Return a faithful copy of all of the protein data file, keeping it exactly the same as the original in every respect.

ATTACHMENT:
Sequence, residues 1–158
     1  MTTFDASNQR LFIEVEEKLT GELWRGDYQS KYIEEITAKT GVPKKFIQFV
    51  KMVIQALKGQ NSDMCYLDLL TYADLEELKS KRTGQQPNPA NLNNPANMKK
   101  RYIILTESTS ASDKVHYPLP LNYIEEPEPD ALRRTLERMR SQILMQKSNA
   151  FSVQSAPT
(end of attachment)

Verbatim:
Sequence, residues 1–158
     1  MTTFDASNQR LFIEVEEKLT GELWRGDYQS KYIEEITAKT GVPKKFIQFV
    51  KMVIQALKGQ NSDMCYLDLL TYADLEELKS KRTGQQPNPA NLNNPANMKK
   101  RYIILTESTS ASDKVHYPLP LNYIEEPEPD ALRRTLERMR SQILMQKSNA
   151  FSVQSAPT